While researching Exploring Florida’s Botanical Wonders, I had the honor of a visit to Angus Gholson’s herbarium in Chattahoochee, as well as a guided hike through the new Gholson Nature Park, a wonderland of rare wildflowers.
There is something magical about the Apalachicola River, from its beginning at the Georgia/Florida border to its broad flow out to the Gulf of Mexico. In the deeply folded landscapes along its upper shores, ravines host some of the rarest plants in Florida.
Above the Apalachicola River, the community of Chattahoochee hides a natural treasure in its deep ravines—a park named for its native son, botanist Angus Gholson.
Around Apalachicola, the “Forgotten Coast” is dotted with parks, forests, and refuges along US 98 and the barrier islands, none of which are easily accessed from Tallahassee or Panama City.
The Apalachicola National Forest is the largest National Forest in Florida, sweeping around the southern edge of Tallahassee. It is noted for its botanical beauty.
A small town along the Apalachicola River, Blountstown got its start as a riverboat destination. It is the seat of Calhoun County and sits upriver from where the Chipola River meets the Apalachicola River at Dead Lakes.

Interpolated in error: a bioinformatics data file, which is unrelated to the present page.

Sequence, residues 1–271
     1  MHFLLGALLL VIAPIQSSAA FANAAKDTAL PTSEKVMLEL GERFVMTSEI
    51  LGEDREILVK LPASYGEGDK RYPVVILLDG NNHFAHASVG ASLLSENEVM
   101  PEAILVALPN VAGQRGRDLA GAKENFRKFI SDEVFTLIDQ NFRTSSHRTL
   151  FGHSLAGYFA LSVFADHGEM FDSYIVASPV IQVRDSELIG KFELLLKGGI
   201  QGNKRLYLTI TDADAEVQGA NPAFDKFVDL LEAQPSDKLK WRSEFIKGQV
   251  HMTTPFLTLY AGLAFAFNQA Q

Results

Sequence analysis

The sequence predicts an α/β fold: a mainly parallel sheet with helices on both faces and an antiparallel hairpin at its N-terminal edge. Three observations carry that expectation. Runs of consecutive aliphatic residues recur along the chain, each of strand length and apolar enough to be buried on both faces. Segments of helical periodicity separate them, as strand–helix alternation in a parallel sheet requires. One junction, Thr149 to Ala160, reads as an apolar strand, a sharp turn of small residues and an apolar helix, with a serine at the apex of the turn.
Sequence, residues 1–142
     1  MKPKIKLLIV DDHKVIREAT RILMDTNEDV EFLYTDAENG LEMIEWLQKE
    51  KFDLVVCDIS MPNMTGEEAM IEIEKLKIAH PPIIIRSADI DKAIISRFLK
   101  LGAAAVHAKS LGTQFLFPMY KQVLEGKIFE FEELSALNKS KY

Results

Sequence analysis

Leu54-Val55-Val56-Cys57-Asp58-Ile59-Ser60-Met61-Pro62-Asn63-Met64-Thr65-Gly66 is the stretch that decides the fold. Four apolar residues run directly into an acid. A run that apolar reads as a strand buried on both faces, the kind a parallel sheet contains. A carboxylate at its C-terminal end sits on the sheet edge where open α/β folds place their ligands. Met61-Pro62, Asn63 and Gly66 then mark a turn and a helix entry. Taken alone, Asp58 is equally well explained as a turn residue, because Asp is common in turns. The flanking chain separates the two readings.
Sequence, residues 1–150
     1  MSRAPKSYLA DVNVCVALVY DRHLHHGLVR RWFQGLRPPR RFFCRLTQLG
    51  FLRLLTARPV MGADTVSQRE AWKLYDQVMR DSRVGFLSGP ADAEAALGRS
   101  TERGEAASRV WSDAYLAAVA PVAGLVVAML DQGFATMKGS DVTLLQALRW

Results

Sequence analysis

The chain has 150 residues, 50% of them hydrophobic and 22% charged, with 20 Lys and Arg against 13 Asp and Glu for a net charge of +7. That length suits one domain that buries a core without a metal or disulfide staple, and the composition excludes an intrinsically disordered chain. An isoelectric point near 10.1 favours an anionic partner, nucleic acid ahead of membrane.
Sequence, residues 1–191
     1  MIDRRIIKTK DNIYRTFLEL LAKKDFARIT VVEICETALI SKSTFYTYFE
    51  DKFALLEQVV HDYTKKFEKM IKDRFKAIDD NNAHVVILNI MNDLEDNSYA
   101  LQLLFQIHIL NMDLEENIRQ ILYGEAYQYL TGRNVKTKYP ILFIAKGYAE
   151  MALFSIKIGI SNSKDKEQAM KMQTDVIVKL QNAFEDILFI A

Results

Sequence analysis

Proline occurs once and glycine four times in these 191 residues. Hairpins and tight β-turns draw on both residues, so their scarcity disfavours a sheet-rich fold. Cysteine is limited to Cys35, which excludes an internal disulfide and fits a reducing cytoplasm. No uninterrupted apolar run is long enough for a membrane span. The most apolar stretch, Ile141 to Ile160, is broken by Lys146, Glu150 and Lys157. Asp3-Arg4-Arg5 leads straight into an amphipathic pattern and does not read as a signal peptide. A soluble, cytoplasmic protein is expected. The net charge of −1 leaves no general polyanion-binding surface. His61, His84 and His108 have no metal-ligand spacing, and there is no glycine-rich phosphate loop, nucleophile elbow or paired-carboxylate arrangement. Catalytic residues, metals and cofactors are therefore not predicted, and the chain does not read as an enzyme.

Connecting neighborhoods, parks, and services within a historic Apalachicola River town, the paved 3.9-mile Blountstown Greenway includes a segment of the Florida Trail
Chapman Botanical Garden honors the memory of Dr. Alvan Wentworth Chapman, a noted botanist who in 1860 published Flora of the United States. Adjoins the Orman House
Chattahoochee Nature Trails system treats hikers to an exploration of botanically-rich habitats along bluffs and ravines near the Apalachicola River and an archaeological site towering over the river’s edge.
11 miles. One of the narrowest high-speed highways that the Florida Trail follows, CR 12 into Bristol connects the Apalachicola National Forest with the Apalachicola River.
At Fort Gadsden, a gentle walk in the Apalachicola National Forest leads you through the well-interpreted historic site and a pine forest where wildflowers thrive.